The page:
When we say “I have to”, it’s usually short form for “this is something I believe is really important”. But then there are other times where that’s not true, either. Sometimes we’re doing things because we’re on autopilot, or because we feel like we don’t want to disappoint someone else, or because we really don’t know what else to be doing, or because we don’t like having nothing on because we get our identity from our activity.

I know I went through a big season last year where I got myself in a bad health situation because of a warped view of “I have to”. Fortunately, you and I still have choices to make. You’re not trapped, you still have your free will.

Will my decisions today take me closer to or further away from the person I want to be?

#4: I’ll work it out myself

This one is dangerous.

I really have never encountered a big decision in my life or had friends facing big decisions where there has been any wisdom in facing things alone. Usually our perspective is limited and emotionally driven, and doesn’t see enough of the picture to be able to make an informed or wise decision. You know what this really amounts to?


We’re too proud to ask for help. Too proud to admit a need. Too proud to get a second opinion. Too proud to let it hurt. Too proud to be corrected. Too proud for whatever reason.

I’ve had to train myself to really challenge myself whenever I try to say this to myself. In fact I’ve even told other people to challenge me if I ever try to go down this path. Because we weren’t meant to do this alone. And we don’t have to.

I saw a picture this week (wasn’t able to find it again) of someone sinking in a sea of Worthlessness, Uncertainty, Depression and Despair, tied up by a chain and a weight around their ankle pulling them to the bottom of the ocean. The name of the weight was Pride.

Is the 5 seconds of temporary embarrassment really worth drowning over?

#5: No one understands or cares

This one is heart breaking. Another line from a TFK song comes to mind here, from the song Hurt:

And it hurts when you’re lonely, and I’m standing right beside you

Have you ever tried to be there for someone close to you – either friend, family member, even sometimes someone who’s come to you for help – but when you do your best to show them you’re there for them, they just don’t seem to get it? Or worse – they tell you you aren’t there for them.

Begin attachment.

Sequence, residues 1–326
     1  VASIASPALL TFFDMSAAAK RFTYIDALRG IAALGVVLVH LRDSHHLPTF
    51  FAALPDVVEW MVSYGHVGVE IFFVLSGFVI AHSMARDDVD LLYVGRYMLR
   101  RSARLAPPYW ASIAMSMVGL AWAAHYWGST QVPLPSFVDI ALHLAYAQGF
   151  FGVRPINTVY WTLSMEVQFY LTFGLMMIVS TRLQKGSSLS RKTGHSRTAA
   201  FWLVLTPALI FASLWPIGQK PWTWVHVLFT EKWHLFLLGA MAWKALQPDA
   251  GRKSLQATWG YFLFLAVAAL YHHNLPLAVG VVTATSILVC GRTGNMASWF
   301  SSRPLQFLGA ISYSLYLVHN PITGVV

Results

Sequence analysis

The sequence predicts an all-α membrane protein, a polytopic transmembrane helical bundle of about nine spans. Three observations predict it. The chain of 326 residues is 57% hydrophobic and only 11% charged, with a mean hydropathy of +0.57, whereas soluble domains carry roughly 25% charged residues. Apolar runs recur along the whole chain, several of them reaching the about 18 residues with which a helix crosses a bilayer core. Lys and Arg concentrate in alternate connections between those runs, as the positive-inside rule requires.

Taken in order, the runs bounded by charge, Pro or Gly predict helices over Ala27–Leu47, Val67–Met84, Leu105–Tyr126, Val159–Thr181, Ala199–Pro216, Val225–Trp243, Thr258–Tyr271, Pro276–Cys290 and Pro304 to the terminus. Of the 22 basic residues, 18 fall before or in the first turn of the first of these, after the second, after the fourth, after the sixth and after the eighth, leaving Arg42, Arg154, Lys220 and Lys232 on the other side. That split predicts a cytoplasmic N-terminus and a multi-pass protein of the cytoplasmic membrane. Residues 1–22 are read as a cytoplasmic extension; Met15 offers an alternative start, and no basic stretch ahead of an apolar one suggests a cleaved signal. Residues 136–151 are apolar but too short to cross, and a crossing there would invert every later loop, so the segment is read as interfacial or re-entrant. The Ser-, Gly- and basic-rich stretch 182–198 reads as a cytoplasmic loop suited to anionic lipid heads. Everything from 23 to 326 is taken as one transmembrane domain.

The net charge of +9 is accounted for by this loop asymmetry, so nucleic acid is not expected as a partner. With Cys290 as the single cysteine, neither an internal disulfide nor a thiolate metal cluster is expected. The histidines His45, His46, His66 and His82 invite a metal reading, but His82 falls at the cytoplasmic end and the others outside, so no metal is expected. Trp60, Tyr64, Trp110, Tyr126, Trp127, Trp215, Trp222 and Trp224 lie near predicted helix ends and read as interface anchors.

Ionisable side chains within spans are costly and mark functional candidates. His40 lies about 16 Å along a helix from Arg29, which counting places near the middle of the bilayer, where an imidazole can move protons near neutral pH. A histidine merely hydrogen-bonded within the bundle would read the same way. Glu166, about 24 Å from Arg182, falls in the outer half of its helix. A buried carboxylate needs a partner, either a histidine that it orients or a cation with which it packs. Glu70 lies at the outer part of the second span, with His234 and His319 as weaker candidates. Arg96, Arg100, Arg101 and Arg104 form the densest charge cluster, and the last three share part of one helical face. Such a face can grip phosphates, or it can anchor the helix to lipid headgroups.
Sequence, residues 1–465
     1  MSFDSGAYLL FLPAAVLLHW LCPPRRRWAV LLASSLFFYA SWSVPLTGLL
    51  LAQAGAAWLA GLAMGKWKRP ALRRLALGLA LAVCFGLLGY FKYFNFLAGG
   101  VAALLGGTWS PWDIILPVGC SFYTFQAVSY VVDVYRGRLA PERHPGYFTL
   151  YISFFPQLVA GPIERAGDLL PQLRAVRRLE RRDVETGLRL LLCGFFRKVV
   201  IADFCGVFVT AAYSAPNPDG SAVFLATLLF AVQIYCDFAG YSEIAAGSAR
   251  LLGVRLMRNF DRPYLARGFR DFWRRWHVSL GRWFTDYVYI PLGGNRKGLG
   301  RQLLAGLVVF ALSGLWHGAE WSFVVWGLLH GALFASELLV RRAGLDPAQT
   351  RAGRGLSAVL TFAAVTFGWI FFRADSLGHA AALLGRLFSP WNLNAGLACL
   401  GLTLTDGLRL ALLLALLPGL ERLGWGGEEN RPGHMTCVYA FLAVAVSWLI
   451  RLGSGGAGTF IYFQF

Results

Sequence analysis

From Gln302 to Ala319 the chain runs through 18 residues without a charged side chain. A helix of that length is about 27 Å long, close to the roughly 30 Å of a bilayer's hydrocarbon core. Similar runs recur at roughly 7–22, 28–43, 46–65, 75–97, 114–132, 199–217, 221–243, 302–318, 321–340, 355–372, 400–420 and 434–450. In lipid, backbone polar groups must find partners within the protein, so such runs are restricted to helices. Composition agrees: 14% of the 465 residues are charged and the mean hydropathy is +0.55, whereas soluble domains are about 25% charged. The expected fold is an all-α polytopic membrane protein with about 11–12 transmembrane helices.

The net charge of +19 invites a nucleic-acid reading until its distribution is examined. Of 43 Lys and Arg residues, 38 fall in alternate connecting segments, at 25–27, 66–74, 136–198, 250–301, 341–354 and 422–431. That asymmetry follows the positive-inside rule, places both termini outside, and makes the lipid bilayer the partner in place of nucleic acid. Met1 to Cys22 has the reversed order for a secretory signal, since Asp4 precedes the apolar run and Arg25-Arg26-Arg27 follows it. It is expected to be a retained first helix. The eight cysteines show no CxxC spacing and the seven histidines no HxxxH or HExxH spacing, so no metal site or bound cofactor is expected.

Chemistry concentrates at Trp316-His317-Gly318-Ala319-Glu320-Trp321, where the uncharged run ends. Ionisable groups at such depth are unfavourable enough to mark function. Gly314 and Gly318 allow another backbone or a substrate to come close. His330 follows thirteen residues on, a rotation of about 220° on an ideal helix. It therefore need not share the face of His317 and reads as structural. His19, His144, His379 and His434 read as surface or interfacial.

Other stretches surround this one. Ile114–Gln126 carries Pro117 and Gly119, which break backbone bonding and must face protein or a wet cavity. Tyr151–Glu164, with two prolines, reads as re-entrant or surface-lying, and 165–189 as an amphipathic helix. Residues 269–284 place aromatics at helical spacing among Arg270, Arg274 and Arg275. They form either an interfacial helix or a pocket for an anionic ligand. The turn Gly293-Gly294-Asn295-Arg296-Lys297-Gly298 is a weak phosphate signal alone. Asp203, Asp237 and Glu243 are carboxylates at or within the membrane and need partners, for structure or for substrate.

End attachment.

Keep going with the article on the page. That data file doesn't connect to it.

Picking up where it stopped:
I wonder if we’re doing that to others in our lives.

This lie is very, very dangerous. It is usually driven by a deep sense of loneliness or despair. These feelings can be very real. Unfortunately, our feelings can speak to us louder than the reality sometimes.

Because we all do have people in our lives who care for us. It’s sad that often we’re quicker to blame others for not being there for us than we are to have an honest look as to whether or not it’s our perception of their involvement in our lives that’s actually the problem.

You are loved and cherished beyond all words. We need to let the truth of that override our feelings of being the only one. Nothing has seized us except that which is common to man. I love this thought because it reminds me that literally no matter what I’m going through or feeling right now, someone else has either felt like that or feels the same way.

People are sometimes surprised at how a generally pleasant and cheerful sort of guy like me has actually gone through some really, really dark times. When people have said that I don’t get it, it’s been really sad for me because I just think, no, I really, really do. I’m sure you’ve felt the same way in your life, too.

So let’s get rid of this lie. Let yourself see the love and the light in your life. Because it’s there. And you aren’t alone.

There are so many other lies we can tell ourselves. But perhaps in facing some of these bigger issues ourselves we can be free from the masquerade and live a whole, undivided life.

How about you? Ever felt like you’re lying to yourself? Or someone else is lying to themselves?